“At a young age, I was brought to Thimphu by my sister for school. After studying till grade 7, I dropped out to take a small job. That is when I met my husband who was a young army officer. As part of his job, we were moving constantly. As a homemaker, I was heavily dependent on him financially. Although he did all his duties well, our daughters had grown up and I wanted to contribute to the family more; I opened a shop and we even managed to build a house with our life’s savings. But after 6 months, he passed away in his sleep.
My husband’s lifelong dream was to become a doctor, but due to his poor family background, he had to become an army officer. All her life, our older daughter wanted to pursue her father’s dream. However, her marks couldn’t earn her a scholarship and I had to make my life’s toughest decision to sell our house and send my daughter to Bangladesh for MBBS. We were getting by, and I focused all my energy on running the shop.

During the ULFA Bodo operation in Bhutan, my husband was awarded Druk Thuksey for his bravery. After he passed away, we received the news of his second medal. It was my proudest but also the saddest moment to receive the medal in his place.
As time passed, my second daughter became old enough for college. She wanted to pursue nursing. As a single mother, I had no money and nothing else left to sell. Left in a deep state of misery, a friend told me to approach His Majesty’s office for help. It was the right decision I made. All the fees including the visa and allowance for college were taken care of. I never felt this grateful in my life. His Majesty’s care and grace towards his people still make me emotional and touched.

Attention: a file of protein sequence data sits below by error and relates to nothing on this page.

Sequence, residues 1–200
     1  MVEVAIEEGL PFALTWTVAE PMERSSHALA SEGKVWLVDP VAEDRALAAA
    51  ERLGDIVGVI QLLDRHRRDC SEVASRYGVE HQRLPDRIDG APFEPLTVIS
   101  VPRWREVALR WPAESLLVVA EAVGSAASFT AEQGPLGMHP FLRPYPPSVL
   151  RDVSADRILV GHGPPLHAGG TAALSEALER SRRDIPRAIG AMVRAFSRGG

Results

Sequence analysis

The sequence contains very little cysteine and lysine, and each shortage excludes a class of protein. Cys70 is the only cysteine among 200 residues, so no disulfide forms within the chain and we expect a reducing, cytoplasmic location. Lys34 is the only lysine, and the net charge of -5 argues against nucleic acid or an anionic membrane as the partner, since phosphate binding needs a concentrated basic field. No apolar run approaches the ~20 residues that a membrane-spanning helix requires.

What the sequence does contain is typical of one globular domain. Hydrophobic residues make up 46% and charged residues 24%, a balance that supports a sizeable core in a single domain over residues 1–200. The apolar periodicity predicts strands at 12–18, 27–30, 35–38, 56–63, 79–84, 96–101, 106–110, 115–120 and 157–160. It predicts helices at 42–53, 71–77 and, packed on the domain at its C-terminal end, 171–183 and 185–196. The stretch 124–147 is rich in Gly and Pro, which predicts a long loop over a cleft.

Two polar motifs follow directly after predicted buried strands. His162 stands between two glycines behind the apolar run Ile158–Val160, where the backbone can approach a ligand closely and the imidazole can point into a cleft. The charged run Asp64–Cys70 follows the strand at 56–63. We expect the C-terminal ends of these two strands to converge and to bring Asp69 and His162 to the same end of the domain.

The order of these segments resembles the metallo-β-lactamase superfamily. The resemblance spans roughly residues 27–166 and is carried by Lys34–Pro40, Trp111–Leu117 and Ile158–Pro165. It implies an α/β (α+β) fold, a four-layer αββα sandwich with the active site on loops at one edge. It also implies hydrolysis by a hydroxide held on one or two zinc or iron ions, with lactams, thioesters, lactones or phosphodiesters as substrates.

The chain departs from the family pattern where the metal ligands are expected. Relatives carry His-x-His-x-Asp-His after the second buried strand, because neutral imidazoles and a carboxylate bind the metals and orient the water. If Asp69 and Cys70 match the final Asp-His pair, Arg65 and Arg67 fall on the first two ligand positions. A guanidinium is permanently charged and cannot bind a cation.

I kept working hard and supporting my kids through their education. My eldest daughter struggled a lot with her studies and came to the verge of breaking down. I immediately left for Dhaka and stayed with her for several weeks, supporting and encouraging her to not give up. I reminded her of her late dad’s wish for her to become a doctor. She persevered and eventually, both my daughters finished their studies. They started working in Bhutan in the hospitals; to be closer to them, I moved to Thimphu and opened a new shop. During the covid, my daughters were working hard and serving the country with extra dedication. Constantly switching places from duty to quarantine as health workers, I couldn’t see them for months – this made me really proud of who they have become. Looking back, life has been particularly hard for us after my husband’s passing. However, what they have led to, makes me happy and content.”

#HumansofThimphu #HumanStories #Thimphu

 

Author: Dechen Wangdi

About the Author

(He/They) is one of the founding members of Humans of Thimphu and currently serves as the editor and content writer on the platform. Enthusiastic writer and photographer, his works mainly surrounds human interest story and advocacy on LGBTQIA+ and Youth empowerment. He also harbours an interest in photojournalism.

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